The invention itself, together with further objects and attendant advantages, will best be understood by reference to the following detailed description, taken in conjunction with the accompanying drawings.
FIG. 1 is an exploded perspective view of an electroplating cell which incorporates a presently preferred embodiment of this invention.
FIG. 2 is an end view of the electroplating cell of FIG. 1.
FIG. 3 is a cross sectional view of a brush included in the cell of FIGS. 1 and 2.
FIG. 4 is partial view of a portion of the brush of FIG. 3 in engagement with a surface of a part being plated.
FIG. 5 is a side view of the cell of FIG. 1 in engagement with an array of parts being plated.
FIG. 6 is a plan view of an electroplating line which includes two of the electroplating cells of FIG. 1.
FIG. 7 is a cross sectional view taken along line 7--7 of FIG. 6.
FIG. 8 is a cross sectional view taken along line 8--8 of FIG. 6.
FIG. 9 is a cross sectional view of a second electroplating line which utilizes two of the cells of FIG. 1 in another mode of operation.
FIG. 10 is a cross sectional view of a third electroplating line which uses the cell of FIG. 1 in a third mode of operation.
FIG. 11 is a cross sectional view of a fourth electroplating line which uses the cell of FIG. 1 in a fourth mode of operation.
Turning now to the drawings, FIGS. 1 and 2 show two views of an electroplating cell 10 which incorporates a presently preferred embodiment of this invention. This cell 10 includes means for defining a chamber which is provided with an elongated slot, and means for transporting a plating solution from the chamber through the slot to a region external of the chamber.
In this embodiment, the chamber defining means comprises first and second chamber defining elements 12, 14 which define the chamber 16 therebetween. These chamber defining elements 12, 14 are fastened together by fasteners 18, and a C-shaped seal 20 is interposed between the chamber defining elements 12, 14 so as to seal the chamber 16 on three sides. Of course, it is not essential in all embodiments that the chamber defining means be made up of two separate component elements, and a wide range of alternatives can readily be adapted for use with the present invention, including one piece arrangements and more complicated arrangements having three or more chamber defining elements.
The chamber 16 is exposed to the region outside the cell 10 by means of an elongated slot 22 which preferably extends along the entire length of the cell 10. This slot 22 is positioned directly above the seal 20 when the cell 10 is in the orientation shown in FIG. 2. Of course, it is not essential in all embodiments that the slot 22 extend along the entire length of the cell 10, and in some alternative forms the slot 22 is interrupted at one or more points along the length of the cell 10.
As pointed out above, the chamber 16 is intended to receive a liquid plating solution, and this plating solution is introduced into the chamber 16 via an inlet 24. An outlet 26 allows the plating solution to flow out of the chamber 16. Preferably, the outlet 26 is provided with an orifice to restrict flow out of the chamber 16 and thereby allow the plating solution in the chamber 16 to be pressurized.
In this embodiment the means for transporting the plating solution through the slot comprises a brush 30, best shown in FIGS. 1 and 3. The purpose of the plating solution transport means is to act as an elongated wick which transports plating solution out of the chamber 16 and into contact with the parts to be plated. In this embodiment the brush 30 includes a dielectric strip 32 which is of substantially the same length as the slot 22. An electrode such as an anode 34 is positioned adjacent to the dielectric strip 32, and the assembly of the anode 34 and the dielectric strip 32 is surrounded by a sleeve 36. This sleeve 36 is formed of a hydrophilic, absorbent material which acts as a wick to transport plating solution out of the chamber 16 via the slot 22. As shown in FIG. 3, the sleeve 36 is secured to the dielectric strip 32 by means of rows of stitching 38 in this embodiment. The upper two rows of stitching 38 define a pocket sized to receive the anode 34 and hold it in place against the dielectric strip 32. Important characteristics of the brush 30 include the ability to transport plating solution through the slot 22 and sufficient rigidity to contact the parts being plated in a consistent and reliable manner. Of course, the shape and configuration of the brush 30 can be modified to fit the intended application.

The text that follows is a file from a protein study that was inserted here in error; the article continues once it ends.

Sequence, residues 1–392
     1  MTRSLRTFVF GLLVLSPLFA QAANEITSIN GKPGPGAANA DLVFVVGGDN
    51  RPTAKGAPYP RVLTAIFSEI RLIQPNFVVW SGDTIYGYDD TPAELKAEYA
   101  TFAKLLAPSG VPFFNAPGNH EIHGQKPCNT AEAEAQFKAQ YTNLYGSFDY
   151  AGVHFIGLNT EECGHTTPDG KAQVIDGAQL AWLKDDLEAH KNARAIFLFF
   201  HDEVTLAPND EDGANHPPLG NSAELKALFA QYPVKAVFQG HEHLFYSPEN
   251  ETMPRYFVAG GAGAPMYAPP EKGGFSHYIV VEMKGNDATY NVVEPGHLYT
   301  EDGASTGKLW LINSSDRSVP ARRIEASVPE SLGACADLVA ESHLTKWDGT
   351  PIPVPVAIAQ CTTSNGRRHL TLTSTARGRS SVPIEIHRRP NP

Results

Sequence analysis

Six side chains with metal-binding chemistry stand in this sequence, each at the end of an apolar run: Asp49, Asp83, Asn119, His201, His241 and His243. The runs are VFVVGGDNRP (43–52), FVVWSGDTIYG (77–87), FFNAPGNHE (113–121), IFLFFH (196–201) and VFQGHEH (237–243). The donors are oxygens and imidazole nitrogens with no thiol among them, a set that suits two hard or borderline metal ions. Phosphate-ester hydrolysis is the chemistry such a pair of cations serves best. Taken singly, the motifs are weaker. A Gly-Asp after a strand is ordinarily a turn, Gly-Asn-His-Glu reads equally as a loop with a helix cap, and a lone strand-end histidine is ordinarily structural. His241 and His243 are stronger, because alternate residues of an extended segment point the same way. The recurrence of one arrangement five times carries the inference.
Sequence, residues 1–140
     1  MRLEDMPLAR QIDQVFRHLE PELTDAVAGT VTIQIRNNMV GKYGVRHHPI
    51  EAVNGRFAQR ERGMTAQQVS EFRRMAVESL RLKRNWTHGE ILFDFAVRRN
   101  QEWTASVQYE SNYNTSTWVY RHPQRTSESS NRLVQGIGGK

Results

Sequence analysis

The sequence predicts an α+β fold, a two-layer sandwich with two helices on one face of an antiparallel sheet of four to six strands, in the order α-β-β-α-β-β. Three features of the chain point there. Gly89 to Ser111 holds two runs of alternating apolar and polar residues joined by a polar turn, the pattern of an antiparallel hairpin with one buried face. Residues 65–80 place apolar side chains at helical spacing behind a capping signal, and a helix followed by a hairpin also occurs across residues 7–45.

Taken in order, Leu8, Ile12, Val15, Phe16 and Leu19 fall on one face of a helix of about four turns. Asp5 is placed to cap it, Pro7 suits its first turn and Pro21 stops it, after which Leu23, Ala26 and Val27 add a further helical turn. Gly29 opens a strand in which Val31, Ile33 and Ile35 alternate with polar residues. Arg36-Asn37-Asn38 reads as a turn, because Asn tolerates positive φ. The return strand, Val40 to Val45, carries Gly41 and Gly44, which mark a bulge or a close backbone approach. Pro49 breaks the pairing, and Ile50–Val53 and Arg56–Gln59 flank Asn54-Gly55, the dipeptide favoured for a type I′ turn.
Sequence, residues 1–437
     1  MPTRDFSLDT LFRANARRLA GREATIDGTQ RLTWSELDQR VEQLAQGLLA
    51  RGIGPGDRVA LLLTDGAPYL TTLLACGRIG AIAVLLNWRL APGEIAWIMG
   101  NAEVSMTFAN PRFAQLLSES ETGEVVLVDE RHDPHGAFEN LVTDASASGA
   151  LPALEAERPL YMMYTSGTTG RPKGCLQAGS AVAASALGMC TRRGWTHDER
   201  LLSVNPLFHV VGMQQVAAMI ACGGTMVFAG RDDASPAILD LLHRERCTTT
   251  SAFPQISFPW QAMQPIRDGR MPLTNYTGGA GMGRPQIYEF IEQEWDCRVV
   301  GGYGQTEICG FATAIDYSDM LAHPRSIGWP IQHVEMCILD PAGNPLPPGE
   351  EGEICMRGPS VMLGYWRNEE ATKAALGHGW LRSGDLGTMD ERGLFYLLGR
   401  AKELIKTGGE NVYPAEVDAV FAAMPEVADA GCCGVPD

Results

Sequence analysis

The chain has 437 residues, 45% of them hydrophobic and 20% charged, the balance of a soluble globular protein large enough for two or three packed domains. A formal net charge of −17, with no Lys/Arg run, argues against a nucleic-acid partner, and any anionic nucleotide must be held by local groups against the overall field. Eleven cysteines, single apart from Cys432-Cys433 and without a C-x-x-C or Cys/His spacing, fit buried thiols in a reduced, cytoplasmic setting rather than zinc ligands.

In this embodiment the brush 30 defines an array of openings 40 aligned with respective ones of the fasteners 18. As shown in FIG. 2, the fasteners 18 pass through these openings 40 so as to secure the brush 30 in place in the slot 22 and to prevent the brush 30 from being expelled.
Purely by way of example, the following details of construction are provided in order better to define the best mode of the cell 10. Of course, it should be clearly understood that these details of construction are in no way intended to be limiting. In this embodiment the length of the cell 10 and the slot 22 is 24 inches, the width of the slot 22 is 0.01 inches, and the aspect ratio is 240:1. The dielectric strip 32 is formed of a plastic material such as Mylar (registered trademark), preferably with a thickness of 0.008 inches. The anode 34 is preferably platinum, though alternates such as platinum coated titanium can be used. The anode 34 preferably measures 24 inches in length, 0.25 inches in width, and 0.04 inches in thickness. The sleeve 36 in this embodiment is formed of a woven fabric cotton and nylon such as sold by Seiler and Hughes, of Baltimore, Md., under the tradename SYNEL. Of course, other fabrics including non-woven fabrics can be substituted, as long as they serve the function described above.
FIG. 4 shows an enlarged view which depicts in detail the manner in which the end of the brush 30 which extends outside of the slot can contact a part P being plated in order to transfer plating solution onto only precisely defined surfaces of the part P.
FIG. 5 shows a side view of the cell 10 in order further to clarify the manner in which the parts P engage the sleeve 36 of the brush 30. Preferably, both the cell 10 and the brush 30 are fixedly mounted in position and the parts P are guided in translation along a translation axis parallel to the slot 22 so as to move along the length of the brush 30. This arrangement ensures that the parts P are in contact with the brush 30 over a long path length which extends along the full length of the cell 10. In this way, high plating deposition rates can be obtained. In the preferred embodiment described above, the aspect ratio of the slot 22 (defined as the ratio of the length L (FIG. 1) to the width W (FIG. 2) of the slot 22) is quite high. In order to obtain the combined advantages of high precision plating of small surfaces and relatively high plating rates, it is preferable that the aspect ratio of the slot and the brush be greater than 20:1 and most preferably greater than 100:1.